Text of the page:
Public Education As I Knew It

I was a rockstar in my freshman year of high school. I knew my teachers well, I made excellent grades, performed in the spring musical that went on to win several awards, and was even nominated for my school’s pride award. My friends were stable and loyal and together we were positive influences on each other and were bound to grow into amazing people.

In autumn of my sophomore year, I got sick. I thought it was some minor thing, that I’d miss a day, two max. But it was three. And four. And five. And I kept counting day after day of pain I couldn’t explain and exhaustion like I’d never felt it before, dizziness and fatigue off of my scale. Wednesday of the second week, I took my first trip to the doctor’s office, where I was tested for the basics, and told it was just GI difficulty and told to drink water. The pain did not stop. The next Monday, we went back to the doctor, I was tested again, and shown positive for Mononucleosis. I wanted to laugh. The Kissing Disease? I got Mono and it did this to me? I was sure she must have been kidding, until I went home that night to do some reading.

Mononucleosis, blood infection, virus. Herpes Family, Human Herpes Virus 4 (HHV4) also known as Glandular Fever, or Epstein-Barr Virus. Some link-following revealed that HHV4 has been known to trigger secondary or primary-dormant conditions in its host.

But I went to school on Wednesday. I had a test. My principal greeted me in the hallway before first period, and told me that whenever I was ready, I could go check in to the nurse’s station, and stay there all day. I said hello to all of my teachers and explained what was going on, and in third period, I was whiped out and needed a rest. I was done with my classwork, so it was time to take up the Principal on his offer. Only, he hadn’t been in contact with the nurses, he was just waiting for them to call when I was there. But when I was there, he was in a meeting. So they took my temperature, normal. My Blood Oxygenation, good enough. My blood pressure, fine. I was sweating through my clothes, crying, dizzy, and they said these things to me, in this order:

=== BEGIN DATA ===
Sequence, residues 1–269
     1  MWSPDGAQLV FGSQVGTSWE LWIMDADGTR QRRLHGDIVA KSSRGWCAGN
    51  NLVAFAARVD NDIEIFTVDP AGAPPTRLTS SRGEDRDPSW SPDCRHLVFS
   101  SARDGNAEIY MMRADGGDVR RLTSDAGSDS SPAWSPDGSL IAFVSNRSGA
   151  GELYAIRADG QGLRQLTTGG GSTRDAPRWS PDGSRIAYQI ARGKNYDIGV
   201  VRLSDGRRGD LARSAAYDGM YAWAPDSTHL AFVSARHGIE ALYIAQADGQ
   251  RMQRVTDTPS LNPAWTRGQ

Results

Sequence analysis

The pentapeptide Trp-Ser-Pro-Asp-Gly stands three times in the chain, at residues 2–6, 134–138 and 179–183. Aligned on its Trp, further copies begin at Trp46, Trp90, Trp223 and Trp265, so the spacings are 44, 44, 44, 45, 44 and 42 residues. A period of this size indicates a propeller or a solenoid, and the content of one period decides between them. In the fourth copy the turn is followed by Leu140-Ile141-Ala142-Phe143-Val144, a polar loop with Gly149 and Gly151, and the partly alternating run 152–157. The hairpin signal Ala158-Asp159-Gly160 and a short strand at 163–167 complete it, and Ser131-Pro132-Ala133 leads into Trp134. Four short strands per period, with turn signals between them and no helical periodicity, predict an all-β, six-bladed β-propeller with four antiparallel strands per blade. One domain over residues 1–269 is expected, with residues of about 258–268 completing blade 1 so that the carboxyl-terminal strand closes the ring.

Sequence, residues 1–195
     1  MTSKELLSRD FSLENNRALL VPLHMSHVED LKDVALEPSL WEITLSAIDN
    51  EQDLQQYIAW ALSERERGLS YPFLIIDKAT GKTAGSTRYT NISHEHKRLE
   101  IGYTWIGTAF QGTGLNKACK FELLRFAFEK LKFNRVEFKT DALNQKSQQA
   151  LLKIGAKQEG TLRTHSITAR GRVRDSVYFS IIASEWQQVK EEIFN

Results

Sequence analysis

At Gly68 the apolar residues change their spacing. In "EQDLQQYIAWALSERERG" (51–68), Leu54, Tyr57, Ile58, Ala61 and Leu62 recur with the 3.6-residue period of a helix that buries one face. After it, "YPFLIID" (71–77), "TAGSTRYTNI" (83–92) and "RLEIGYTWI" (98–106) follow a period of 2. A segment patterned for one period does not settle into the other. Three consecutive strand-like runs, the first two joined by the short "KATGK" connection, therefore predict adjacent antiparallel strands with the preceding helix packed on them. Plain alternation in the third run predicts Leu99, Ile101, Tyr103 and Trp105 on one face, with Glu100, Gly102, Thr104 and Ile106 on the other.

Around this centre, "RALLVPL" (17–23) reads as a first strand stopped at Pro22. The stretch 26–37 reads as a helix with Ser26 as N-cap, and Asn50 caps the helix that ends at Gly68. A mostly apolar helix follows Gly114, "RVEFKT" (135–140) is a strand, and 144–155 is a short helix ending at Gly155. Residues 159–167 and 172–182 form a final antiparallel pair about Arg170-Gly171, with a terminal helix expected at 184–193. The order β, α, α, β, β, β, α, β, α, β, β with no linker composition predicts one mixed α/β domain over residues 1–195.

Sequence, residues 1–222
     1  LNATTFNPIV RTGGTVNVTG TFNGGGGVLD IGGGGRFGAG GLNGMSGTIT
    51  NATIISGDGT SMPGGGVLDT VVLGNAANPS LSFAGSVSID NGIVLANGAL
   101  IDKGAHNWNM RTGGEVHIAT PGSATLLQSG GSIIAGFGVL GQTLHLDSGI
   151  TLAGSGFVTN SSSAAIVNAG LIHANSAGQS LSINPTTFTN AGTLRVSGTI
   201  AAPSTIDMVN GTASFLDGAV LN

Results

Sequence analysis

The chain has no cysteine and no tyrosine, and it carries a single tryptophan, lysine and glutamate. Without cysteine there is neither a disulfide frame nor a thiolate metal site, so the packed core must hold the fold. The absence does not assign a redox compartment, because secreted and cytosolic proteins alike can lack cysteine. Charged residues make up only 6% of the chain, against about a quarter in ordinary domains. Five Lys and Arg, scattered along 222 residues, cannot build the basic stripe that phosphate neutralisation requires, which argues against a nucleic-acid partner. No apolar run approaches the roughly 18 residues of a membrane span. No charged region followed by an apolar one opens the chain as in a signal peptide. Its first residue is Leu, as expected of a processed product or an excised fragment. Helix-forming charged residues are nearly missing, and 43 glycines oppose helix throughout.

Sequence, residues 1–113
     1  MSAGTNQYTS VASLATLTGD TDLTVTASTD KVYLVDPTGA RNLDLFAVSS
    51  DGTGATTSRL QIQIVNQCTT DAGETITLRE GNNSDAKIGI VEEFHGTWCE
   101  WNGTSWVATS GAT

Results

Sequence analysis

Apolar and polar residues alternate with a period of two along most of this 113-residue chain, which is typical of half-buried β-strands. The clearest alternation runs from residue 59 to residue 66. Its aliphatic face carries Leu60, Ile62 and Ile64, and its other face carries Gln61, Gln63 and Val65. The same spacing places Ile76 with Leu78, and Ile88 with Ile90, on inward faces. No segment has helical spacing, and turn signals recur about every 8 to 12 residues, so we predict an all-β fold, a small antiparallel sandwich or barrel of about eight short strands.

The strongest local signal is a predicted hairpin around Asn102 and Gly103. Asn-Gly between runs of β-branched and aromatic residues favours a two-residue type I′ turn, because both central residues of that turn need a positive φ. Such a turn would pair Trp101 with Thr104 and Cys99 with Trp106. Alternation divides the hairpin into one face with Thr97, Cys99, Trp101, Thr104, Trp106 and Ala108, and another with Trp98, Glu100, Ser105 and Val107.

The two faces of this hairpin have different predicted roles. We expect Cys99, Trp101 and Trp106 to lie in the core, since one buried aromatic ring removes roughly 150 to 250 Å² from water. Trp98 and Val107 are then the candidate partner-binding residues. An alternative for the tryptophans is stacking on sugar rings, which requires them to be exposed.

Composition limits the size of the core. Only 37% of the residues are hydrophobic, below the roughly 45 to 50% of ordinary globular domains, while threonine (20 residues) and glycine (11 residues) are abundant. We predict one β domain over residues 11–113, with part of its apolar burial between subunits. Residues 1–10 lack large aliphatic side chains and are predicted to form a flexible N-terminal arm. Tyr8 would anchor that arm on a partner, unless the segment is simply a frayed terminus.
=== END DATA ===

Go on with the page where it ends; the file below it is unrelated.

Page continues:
This is a place of safety and privacy, and you are disrupting the privacy of students who have come here to rest.

This is a public place, and you are embarrassing yourself. You need to go to the bathroom to calm down.

If you were sick, we’d be able to tell. You’re fine, you’re just sweaty and having a tantrum.

We don’t send people home for stomach aches.

If you were really sick, you’d be at home.

No, we won’t call Mr. Garcia, he’s in a meeting. We aren’t going to disturb him just so you can ditch your last period (theater, my favorite class.)

They sent me back to third period. There, I was met by friends and a substitute teacher who offered me the ice from her empty lunch cup to press against my neck. I laid on the floor with a girl who was having a cataract surgery soon. She held my hand, and told me it would be okay. I managed to stop crying, and went to theater. I stayed all day, and never went back.

The next Friday, I was in the ER, and was not planning on returning to school. In late October, I hadn’t had any real communication with my campus in weeks, and my counselor called to set us up for a Section 504 plan. They said it would help me get my work, they said I wouldn’t be marked absent for every day, they said I’d have permission to access campus resources whenever I needed them but wasn’t required to be on-campus as my peers were.

This was all a lie, of course, whether a deliberate one or not. A Section 504 plan will not alleviate the stress and struggle on its own. “What you really need is Homebound,” and “It sounds like you should be in SpEd,” and “Sorry, we would never say you didn’t have to come to school to do your work, there’s actually a law against that…” Filled the air and choked my mother and me. We didn’t know what to do, and the only people who knew anything about the system that we needed help through were legally obligated to enforce and encourage standard attendance and classroom process. There would be no accommodation made to allow me to work in the best way for me, on my own, without having to follow the schedule of anyone from any campus.